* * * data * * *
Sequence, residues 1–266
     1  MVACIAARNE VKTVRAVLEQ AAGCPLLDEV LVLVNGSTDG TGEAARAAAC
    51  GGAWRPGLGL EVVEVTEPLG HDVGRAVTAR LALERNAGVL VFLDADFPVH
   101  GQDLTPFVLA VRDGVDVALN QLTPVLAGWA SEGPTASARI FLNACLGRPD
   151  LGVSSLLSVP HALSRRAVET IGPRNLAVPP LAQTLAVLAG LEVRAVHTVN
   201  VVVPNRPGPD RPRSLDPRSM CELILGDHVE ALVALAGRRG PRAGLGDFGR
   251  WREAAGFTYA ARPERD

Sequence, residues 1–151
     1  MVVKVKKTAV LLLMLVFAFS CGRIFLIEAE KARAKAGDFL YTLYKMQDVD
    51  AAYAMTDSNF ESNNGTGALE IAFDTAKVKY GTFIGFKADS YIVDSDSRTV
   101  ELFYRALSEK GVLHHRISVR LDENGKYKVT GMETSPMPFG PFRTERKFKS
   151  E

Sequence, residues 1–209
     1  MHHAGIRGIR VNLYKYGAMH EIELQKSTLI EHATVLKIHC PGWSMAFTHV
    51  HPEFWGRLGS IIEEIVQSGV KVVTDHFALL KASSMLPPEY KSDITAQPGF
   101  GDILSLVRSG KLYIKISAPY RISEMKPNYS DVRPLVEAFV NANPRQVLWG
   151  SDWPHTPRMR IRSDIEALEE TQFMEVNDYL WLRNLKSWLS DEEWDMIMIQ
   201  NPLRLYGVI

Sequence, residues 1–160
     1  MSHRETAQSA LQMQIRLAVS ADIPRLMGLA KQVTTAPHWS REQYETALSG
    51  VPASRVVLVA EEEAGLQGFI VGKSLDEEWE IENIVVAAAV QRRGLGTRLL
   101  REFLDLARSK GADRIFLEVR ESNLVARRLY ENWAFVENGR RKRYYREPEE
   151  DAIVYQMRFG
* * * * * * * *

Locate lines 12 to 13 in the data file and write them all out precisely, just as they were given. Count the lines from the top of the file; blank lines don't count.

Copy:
   151  E

Sequence, residues 1–209